Saturday, June 13, 2009

Desert Notes: Tourist at home

I'm proudly South African. Even though I am living elsewhere. And firmly believe that South Africa is my ultimate home, the place I will return to once we have finished wandering in the desert. And I was really looking forward to my visit home.

Unfortunately, my holiday didn't turn out exactly the way we had planned, but ultimately it was good to be home. And good to be home with a different perspective on things.

Being a tourist in your own country is quite a weird feeling. You belong, and yet you don't. There were things that I was completely happy to see, things that I was horrified to see, and things that left me more than a little bewildered.

One of the first things that we noticed was the prices of things. Stuff is EXPENSIVE in SA. Petrol, obviously, but pretty much everything else too. I was stunned by food prices. Food in the UAE is predominately imported, but yet its cheaper than SA, where food is produced at home.

In fact, we can get SA fruit cheaper in the UAE than we could get it in SA. That simply doesn't make sense to me at all.

And house prices are simply astronomical. The places next to our old house are selling for nearly one million rand. And when we sold, we thought we doing just fine at selling R200000 above our initial purchase price. Now we couldn't even afford to buy our old house back. Even with the profit we made from selling it two years ago.

Car prices are horrendous. Again, a surprise because a large percentage of the cars are manufactured locally. And while interest rates are lower than they have been in years, we still cannot see how people can afford to live in SA anymore. Are people just living on credit? Or have salaries escalated at the same rate prices have? Where is the money coming from?

And money must be coming from somewhere, because along side the rising prices, we saw tons of rising developments. A good sign. It means the economy must be doing well. Everywhere from Jeffreys Bay to Roodepoort is under construction. New malls, new shops, new housing developments.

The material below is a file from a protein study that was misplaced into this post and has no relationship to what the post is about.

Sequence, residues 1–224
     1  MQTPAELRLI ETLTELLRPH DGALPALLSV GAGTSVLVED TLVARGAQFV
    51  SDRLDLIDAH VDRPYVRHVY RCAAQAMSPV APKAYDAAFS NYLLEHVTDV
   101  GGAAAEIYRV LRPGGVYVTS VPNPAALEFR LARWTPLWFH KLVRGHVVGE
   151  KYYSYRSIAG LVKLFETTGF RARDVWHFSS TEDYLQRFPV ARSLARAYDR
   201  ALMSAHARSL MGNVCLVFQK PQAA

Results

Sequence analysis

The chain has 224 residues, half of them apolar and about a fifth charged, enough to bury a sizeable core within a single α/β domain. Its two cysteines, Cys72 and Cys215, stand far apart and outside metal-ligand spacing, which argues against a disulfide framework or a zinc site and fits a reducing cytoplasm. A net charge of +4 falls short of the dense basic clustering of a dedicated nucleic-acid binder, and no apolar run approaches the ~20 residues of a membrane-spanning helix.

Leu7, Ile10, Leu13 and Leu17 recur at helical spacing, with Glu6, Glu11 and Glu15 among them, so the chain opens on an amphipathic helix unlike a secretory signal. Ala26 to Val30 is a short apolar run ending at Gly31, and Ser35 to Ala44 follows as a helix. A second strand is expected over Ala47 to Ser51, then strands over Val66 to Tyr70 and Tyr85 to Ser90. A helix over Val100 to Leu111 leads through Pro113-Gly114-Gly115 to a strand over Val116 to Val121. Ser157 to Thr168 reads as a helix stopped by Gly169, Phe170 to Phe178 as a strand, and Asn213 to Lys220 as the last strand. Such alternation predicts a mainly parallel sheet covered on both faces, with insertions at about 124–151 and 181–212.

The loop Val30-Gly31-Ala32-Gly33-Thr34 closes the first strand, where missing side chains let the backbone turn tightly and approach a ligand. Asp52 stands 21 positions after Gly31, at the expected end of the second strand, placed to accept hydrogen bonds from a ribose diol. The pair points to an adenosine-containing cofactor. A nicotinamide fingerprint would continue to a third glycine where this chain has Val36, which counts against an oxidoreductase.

It looks like a booming country. Excellent news! But still, there is that niggle. How can people afford it? Can you explain? Apart from an apparently booming economy, it was great to be able to know that I was in a country where my human rights were respected, and my freedom of choice guaranteed.

While the UAE is by far one of the most liberal Arab/Moslem countries in the Gulf region, it is by no means truly free. And while I enjoyed knowing I had that freedom, my freedom felt confined. Because of crime. Yep, it exists everywhere, even here in the UAE.

But in SA, justice is slow, crime rampant and people don't seem to notice. Its like its become acceptable. On my second day in SA, we were over taken by a convoy of police cars and riot vans on their way to break up a strike at a local mall where the striking workers had gone nuts and taken shoppers hostage.

My sister, who happened to be driving us to that very same mall, simply said, "Oh, no, not again." And then my mother proceeded to tell me about other recent horrors at the very same, very brand new, very upmarket mall. Two armed robberies, a murder-suicide etc etc. Eventually, I asked her to stop, as my daughter (5) was starting to get very worried.

Everywhere we turned, someone else had a crime story. And very few were followed by stories of how justice was done. Here, justice may often be harsh, but is swift, and justice is seen to be done. So people respect the law. By harsh, I don't mean Saudi-style beheadings or amputations. Here, for example, being caught driving drunk will get you a jail sentence, a fine of around Dh30000, and possibly even 100 lashes. And sentance will be carried out within a week of your trial, and your trial within a week of your arrest. I don't agree with the 100 lashes - thats barbaric - but I do approve of the strict sentance, and the swiftness with which justice is carried out.

But yet if we as "expats" coming home, dared to comment on the crime, we would be told that its "not that bad." And that the police were working on it. In the same day, those same people would be celebrating mob justice and bribing traffic officers to squash fines. Double standards.

If we had a criticism (positive or negative) about crime or the cost of living, we would be told we had no right to comment as we "deserted" our country and that we no longer understood.

I disagree. We just have a new perspective. And a new respect for the way things could be done. I still love South Africa. Its still my home.

But it worries me that people are becoming blind to its faults because they don't want to see them.

Its sad. And bewildering. What do you think?

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